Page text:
Fermentation - Taaaaaaaake IV

The 2011 harvest ranks among my most challenging to date.  Frost and late springs rains compromised yields, a cool summer stalled ripening and early rains tempted rot.  But in spite of these overarching frustrations, there’s still something deeply gratifying about that first sizzling spurt of CO2 when fermentation ignites.  The basic science of fermentation remains unchanged, despite Mother Nature’s archest smirk.  To celebrate our fourth harvest at Bruliam Wines, let’s discuss fermentation from an entirely new perspective - redox balance.  Yippee.  We’re going to talk about NAD+/NADH and electron swapping.  It’s like wife swapping but better.  "Redox” is an abbreviation of reduction and oxidation.  These are terms that describe the way organic compounds swap and exchange electrons.  When you gain an electron, it’s called reduction.  Your overall charge is more net negative; you’re reduced from no net charge to say -1.  If someone steals your electron, you’re oxidized.  Since oxygen is notorious for swiping electrons from unsuspecting compounds, electron loss is called oxidation.  In fact any electron loss, whether by oxygen or another compound, is known as oxidation.  There’s a nifty pneumonic for this: “OIL/RIG.”  Oxidation is loss (of electrons), and reduction is gain (of electrons).  This concept is paramount since electrons are energy.  In fact, electron energy potential is stored in a compound called NADH.  NADH can give away an electron to become NAD+.  When this happens, NADH is itself oxidized, and the electron recipient is reduced since it takes that electron.  NADH’s potential energy, in the form of electron donations, is known as “reducing power.”  NADH energy drives cellular functions and metabolism.  It’s energy currency, but it goes both ways (like wife swapping).  Say you’ve got a lot to do so you burn through all of your NADH savings.  Well you’re stuck with a stockpile of NAD+.  From an energy perspective, it’s pretty useless.  It’s like finding an empty Gu wrapper at mile 20 of a marathon.  It’s a black fly in your chardonnay (just kidding, Alanis).  Even so, you need some way to convert your NAD+ back to the good stuff, so you can proceed with your day.  Enter fermentation.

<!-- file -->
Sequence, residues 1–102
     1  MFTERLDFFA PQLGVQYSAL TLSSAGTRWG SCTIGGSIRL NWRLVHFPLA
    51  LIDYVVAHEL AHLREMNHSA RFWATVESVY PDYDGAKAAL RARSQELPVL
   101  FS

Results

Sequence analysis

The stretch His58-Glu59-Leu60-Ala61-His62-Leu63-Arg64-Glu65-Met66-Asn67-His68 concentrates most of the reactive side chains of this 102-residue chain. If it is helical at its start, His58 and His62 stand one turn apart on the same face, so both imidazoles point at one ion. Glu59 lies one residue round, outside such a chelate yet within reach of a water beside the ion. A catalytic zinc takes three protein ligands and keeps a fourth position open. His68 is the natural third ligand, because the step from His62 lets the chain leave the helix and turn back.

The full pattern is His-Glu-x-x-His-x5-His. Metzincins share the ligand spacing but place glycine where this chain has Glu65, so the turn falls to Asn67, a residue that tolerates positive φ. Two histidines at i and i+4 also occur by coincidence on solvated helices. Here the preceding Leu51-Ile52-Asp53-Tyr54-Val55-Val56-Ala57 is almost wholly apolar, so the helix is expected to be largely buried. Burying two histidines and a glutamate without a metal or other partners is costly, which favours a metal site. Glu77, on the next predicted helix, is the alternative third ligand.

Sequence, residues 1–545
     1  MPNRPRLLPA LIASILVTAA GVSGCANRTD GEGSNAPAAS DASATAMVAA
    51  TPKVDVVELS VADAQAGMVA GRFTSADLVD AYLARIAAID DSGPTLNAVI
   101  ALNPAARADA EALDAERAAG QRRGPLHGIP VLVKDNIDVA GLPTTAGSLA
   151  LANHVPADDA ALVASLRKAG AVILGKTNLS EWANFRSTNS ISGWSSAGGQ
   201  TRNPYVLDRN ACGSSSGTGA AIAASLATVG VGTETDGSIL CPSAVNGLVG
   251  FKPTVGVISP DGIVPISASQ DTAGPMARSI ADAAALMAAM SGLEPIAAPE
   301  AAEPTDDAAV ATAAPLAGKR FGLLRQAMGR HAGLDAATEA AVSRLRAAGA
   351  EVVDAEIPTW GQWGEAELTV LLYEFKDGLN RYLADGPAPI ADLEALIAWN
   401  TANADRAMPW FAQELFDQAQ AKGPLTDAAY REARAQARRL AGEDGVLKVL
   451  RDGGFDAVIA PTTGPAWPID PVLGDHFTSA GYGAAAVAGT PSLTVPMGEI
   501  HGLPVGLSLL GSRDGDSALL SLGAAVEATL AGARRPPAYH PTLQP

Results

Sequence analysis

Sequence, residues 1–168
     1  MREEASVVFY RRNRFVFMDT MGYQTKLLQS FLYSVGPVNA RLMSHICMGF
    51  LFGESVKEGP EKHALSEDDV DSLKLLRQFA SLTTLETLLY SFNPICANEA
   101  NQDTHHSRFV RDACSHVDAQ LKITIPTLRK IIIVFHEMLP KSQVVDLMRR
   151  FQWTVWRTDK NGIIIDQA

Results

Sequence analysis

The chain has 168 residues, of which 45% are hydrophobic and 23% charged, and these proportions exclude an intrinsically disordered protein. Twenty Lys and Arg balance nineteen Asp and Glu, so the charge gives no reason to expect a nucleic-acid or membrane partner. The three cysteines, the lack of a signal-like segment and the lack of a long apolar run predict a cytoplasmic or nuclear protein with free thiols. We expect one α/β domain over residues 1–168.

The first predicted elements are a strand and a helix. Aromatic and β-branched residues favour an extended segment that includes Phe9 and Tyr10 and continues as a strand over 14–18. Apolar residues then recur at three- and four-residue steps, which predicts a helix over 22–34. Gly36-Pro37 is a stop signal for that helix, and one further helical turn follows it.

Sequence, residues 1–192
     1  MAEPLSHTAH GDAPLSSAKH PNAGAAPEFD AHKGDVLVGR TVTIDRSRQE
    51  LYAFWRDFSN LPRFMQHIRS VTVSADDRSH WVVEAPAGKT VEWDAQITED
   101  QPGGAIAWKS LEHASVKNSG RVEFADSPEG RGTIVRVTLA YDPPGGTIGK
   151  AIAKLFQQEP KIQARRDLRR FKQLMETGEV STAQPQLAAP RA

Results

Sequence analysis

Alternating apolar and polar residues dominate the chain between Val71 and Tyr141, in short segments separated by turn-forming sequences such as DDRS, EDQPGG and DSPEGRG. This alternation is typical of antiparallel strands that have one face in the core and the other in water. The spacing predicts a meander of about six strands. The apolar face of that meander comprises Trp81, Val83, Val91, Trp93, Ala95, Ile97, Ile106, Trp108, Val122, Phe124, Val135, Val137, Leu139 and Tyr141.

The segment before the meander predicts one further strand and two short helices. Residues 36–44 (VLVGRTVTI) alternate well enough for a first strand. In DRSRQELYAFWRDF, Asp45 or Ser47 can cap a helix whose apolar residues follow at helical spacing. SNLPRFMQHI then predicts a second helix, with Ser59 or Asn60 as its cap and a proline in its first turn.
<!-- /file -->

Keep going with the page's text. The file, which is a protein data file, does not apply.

Along the path of fermentation, grape sugars travel the trajectory from sticky, sweet grape juice to vino.  The very first step of fermentation is a chemical conversion that initiates the magic, when grape sugars are transformed to pyruvate.  Listen you don’t want to down a kegger of pyruvate, but it’s a start.  But in order for glucose and fructose to become pyruvate, they need to give up an electron.  What you say?  You mean glucose and fructose are oxidized to pyruvate?  Yes it’s true.  And can you guess who sops up all of those freebie electrons?  NAD+ of course.  Fermentation actually helps recycle the NAD+ and renews the energy coffers.  In fact, early in fermentation, during the yeast exponential growth phase (characterized by an orgy of asexual budding), yeast require lots and lots and lots of reducing power and harness the power of NADH to grow and reproduce.  Luckily our insatiable appetite for wine can make that happen.  I’ve got bins of glucose and fructose at the ready. 

Perhaps you recall from previous posts the final step of fermentation is the conversion of acetaldehyde to ethanol.  This is like the most important step since it makes wine, wine.  In fact you may even remember my saying that ethanol is the final electron acceptor.  I know.  It’s a Hanukkah miracle come early.  Acetaldehyde is reduced to ethanol.  You know that I know that you know that that electron comes from NADH, the same stuff that was recycled when glucose and fructose were oxidized back at step #1.  It’s a perfectly balanced cycle.  The first step of fermentation generates the reducing power (NADH) that ultimately reduces acetaldehyde to ethanol.  Ethanol captures that final electron, regenerating the NAD+ necessary to keep the machine churning.  Yeast stockpile a pretty limited supply of NAD+, and without its regeneration, fermentation of grape sugars would grind to a halt.  To keep fermentation moving, the redox balance must remain in check.  The yeast adjust to the evolving flux in sugar, temperature, and alcohol by tinkering with and maintaining their redox balance. 

Pasted below is one of my 2011 fermentation curves.  As fermentation revs into overdrive, you’ll notice the temperature rising as the sugar drops.  In fact, this curve looks pretty darned good.